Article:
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Biography (2/10)
Munich, 1923. Setting off on the journey

The urge to paint all day long - 'to finally become a worker!' - dictated, from now on, all of Staude's personal choices. He pursued his 'visions' and pushed ahead in what he defined as 'my direction.' Impatiently he awaited the end of school, yearning for 'the South, where all art flourishes.' His first stop-over was supposed to be in Munich where he hoped to study at the Academy of Fine Arts under Hugo Ernst Schnegg, an exponent of late German impressionism. In Munich, Fritz Rougemont was supposed to be waiting for him, 'the understanding friend' to whom he was drawn by a feeling 'of belonging to the same time and the same intentions.'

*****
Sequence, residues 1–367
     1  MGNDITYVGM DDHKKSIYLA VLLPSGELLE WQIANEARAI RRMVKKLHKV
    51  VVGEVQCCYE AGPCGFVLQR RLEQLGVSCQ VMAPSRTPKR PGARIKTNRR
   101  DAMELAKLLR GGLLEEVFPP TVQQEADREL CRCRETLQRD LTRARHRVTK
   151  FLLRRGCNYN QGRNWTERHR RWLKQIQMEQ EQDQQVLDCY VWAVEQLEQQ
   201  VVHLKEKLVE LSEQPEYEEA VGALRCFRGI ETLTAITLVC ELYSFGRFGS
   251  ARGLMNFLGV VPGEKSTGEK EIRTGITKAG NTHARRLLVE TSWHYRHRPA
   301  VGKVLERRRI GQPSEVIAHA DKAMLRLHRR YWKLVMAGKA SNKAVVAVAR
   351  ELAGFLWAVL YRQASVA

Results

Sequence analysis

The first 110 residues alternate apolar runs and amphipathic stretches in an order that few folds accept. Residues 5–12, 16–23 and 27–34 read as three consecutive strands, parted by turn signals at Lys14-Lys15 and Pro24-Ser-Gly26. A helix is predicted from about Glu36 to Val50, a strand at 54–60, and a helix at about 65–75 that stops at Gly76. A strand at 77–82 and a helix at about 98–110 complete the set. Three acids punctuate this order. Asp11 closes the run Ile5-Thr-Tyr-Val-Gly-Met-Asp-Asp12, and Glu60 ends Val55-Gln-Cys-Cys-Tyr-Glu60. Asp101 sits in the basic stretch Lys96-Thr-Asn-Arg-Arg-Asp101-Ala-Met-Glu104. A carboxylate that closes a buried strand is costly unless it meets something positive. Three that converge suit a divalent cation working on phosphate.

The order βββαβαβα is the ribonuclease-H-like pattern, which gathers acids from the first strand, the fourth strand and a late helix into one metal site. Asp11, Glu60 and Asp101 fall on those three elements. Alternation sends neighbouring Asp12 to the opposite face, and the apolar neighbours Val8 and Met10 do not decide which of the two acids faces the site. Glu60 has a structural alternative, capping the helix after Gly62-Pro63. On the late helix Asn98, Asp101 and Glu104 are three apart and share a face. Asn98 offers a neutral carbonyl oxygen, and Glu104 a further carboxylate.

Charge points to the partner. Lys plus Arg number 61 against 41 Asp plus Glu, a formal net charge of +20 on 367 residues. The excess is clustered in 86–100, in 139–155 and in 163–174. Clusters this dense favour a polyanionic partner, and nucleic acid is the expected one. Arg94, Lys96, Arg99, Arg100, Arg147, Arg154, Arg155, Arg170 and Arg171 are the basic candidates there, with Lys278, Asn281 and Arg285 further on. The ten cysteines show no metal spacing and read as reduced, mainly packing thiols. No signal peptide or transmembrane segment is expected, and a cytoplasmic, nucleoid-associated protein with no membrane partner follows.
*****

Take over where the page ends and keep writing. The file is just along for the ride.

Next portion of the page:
But Munich turned out to be a disappointment. Schnegg was not there, Rougemont had left for Italy. 'I must find myself,' Staude wrote in his diary, awe-struck by the immensity of the task ahead. 'I am fighting in these days a heavy battle […]. It is the battle for the new generation. For the new Germany, and for myself.' Of his loneliness he wrote: "I am definitely fond of it now." And of his painting: 'The goal I can see; but the way - ah, if only I knew it!